EA Sports Will Continue College Football Without NCAA

EA Sports has reached a deal to continue producing college football video games even with the NCAA ending their contract.
EA Sports has reached a deal to continue producing college football video games even with the NCAA ending their contract.

If you were among the many who worried that this year could be the last of EA Sports popular NCAA Football series after the National Collegiate Athletic Association ended its contract with the video game producer, you can now rest a little easier. EA Sports has reached a new agreement with the Collegiate Licensing Company (CLC) to continue making college football video games in the aftermath of the NCAA pulling out.

When the new three year contract takes effect next year, Electronic Arts will not have the ability to use the NCAA logo or name on any of its content. As detrimental to a college football game as that appears to be on paper, it really is not. The new deal enables EA Sports to continue to use “more than 150 colleges, conferences and bowl games” in its popular series.

“EA Sports will continue to develop and publish college football games, but we will no longer include the NCAA names and marks,” said Andrew Wilson, the executive vice president of EA Sports in a statement to the AP. “Our relationship with the Collegiate Licensing Co. is strong and we are already working on a new game for next generation consoles which will launch next year and feature the college teams, conferences and all the innovation fans expect from EA Sports.”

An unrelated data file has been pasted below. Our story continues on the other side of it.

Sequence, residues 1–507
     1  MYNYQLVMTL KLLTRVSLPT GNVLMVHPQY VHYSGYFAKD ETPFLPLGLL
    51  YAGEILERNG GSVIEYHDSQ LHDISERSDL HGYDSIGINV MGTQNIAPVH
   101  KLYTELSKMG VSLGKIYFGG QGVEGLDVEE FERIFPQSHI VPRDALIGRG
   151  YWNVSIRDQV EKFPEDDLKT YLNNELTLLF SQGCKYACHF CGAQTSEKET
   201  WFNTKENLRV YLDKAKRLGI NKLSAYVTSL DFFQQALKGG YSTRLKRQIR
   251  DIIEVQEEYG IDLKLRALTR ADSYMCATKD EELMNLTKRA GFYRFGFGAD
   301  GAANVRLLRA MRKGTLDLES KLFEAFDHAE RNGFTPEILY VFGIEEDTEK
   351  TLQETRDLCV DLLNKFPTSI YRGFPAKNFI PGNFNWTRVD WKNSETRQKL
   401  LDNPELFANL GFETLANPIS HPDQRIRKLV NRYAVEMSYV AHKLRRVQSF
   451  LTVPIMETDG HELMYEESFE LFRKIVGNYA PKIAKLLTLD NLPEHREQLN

Finalizing a deal just two days after the NCAA pulled out of its lucrative contract with EA Sports is an impressive accomplishment for the video game giant. On Thursday, “the NCAA announced it would not renew its contract with EA Sports after next year, citing business reasons and litigation costs amid a raft of lawsuits involving the game” said Brent Schrotenboer of the USA Today.

Lawsuits have flooded the NCAA and EA Sports as a result of their college sports series, making the continuation a liability risk for the NCAA. The likeness of avatars to actual players has become a major concern, especially the use of graduated players.

Electronic Arts ended its NCAA basketball series in 2010 due to a shrinking market size, however a larger liability as a result of the virtual players closer resembling real life athletes is another possible factor. In football, the avatar players are able to hide behind a helmet, where as in a basketball game player’s faces are made to look as realistic as possible.

In the new deal with the CLS, it is possible that EA Sports has to reshape college football landscape every year. “It’s possible that individual schools could opt out of the agreement if they so choose, and then EA Sports would not be able to use that school in the game” says Tom Fornelli of CBS Sports.

Teams that allow EA Sports to include them in their college football series give permission to include all logos, trademarks, mascots, stadiums, and other school-specific items in any college football game produced by Electronic Arts.

So for now gamers can rest easy because EA Sports will continue to produce its popular NCAA Football series despite the NCAA pulling out of its contract. A new deal with the CLS means EA will have to call the game College Football instead of NCAA Football, but it will continue without any major setbacks for all football fans to enjoy.

Follow me on Twitter @CharlieGille

Senior Sports Editor

The Guardian Express

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